King Abdullah gradually has introduced reforms since then. The reforms, which include allowing women to sit on the national advisory council and permitting women to vote and run in municipal elections, may have readied the deeply conservative nation for change.
But the stringent male guardian system has been left untouched. It requires women to obtain permission from a male relative to travel, get married, enroll in higher education or undergo surgery in some cases.
Women who complain about not having male relatives to drive them places or money to spend on a driver are told by many Saudi clerics to call for better public transportation systems, not a driver's license.
Karen Elliott House, the author of "On Saudi Arabia: Its People, Past, Religion, Fault Lines," has interviewed many key members of the kingdom's very private royal family and says the monarchy is trying to slowly embrace more openness.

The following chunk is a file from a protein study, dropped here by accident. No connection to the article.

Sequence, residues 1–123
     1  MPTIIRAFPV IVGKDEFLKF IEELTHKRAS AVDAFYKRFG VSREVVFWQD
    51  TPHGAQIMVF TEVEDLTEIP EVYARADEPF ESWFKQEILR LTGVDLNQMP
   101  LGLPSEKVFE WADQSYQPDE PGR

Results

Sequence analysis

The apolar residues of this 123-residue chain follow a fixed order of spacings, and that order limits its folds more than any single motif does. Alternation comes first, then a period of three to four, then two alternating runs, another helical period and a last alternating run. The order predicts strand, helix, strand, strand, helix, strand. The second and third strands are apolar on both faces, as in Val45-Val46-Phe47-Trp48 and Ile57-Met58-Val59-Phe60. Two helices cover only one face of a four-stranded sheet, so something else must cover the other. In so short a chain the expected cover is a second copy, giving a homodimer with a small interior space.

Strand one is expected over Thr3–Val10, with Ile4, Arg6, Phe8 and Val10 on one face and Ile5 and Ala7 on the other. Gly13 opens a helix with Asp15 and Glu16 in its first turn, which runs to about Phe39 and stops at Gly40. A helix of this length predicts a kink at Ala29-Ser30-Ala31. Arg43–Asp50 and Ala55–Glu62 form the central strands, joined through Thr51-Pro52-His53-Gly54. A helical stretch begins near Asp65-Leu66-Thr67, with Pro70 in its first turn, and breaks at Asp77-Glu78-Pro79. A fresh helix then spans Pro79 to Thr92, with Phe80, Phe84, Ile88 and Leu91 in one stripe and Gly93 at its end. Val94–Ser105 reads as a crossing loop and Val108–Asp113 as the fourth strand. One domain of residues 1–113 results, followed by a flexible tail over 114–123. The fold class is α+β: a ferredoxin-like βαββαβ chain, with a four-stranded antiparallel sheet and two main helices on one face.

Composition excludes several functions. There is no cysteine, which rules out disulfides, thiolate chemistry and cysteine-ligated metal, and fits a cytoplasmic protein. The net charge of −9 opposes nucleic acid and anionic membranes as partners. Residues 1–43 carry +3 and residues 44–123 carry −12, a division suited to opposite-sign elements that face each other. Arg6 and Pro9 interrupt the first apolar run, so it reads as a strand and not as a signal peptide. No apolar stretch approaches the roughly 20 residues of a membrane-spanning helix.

"They try to constantly, like a tight rope walker, to balance by tilting first toward the most rigid clerics and then toward modernizers to keep a balance in the kingdom," House said.
In the days leading up to the campaign, some hard-liners called for women drivers to be harassed. Ultraconservative clerics and top religious scholars, angry that the government is not cracking down harder, protested earlier in the week.
Youssef said she and four other prominent women activists received phone calls from a top official with close links to Interior Minister Prince Mohammed bin Nayef, urging them not to drive on Saturday. She also said that "two suspicious cars" were following her all day.
Despite the obstacles, Youssef said only one woman reported being pulled over by police Saturday. The woman was asked to sign a statement promising not to drive again and her husband took over the steering wheel, she said.
"We will continue driving and posting videos," Youssef said. "The whole thing is raising awareness and making people get used to us driving as normal."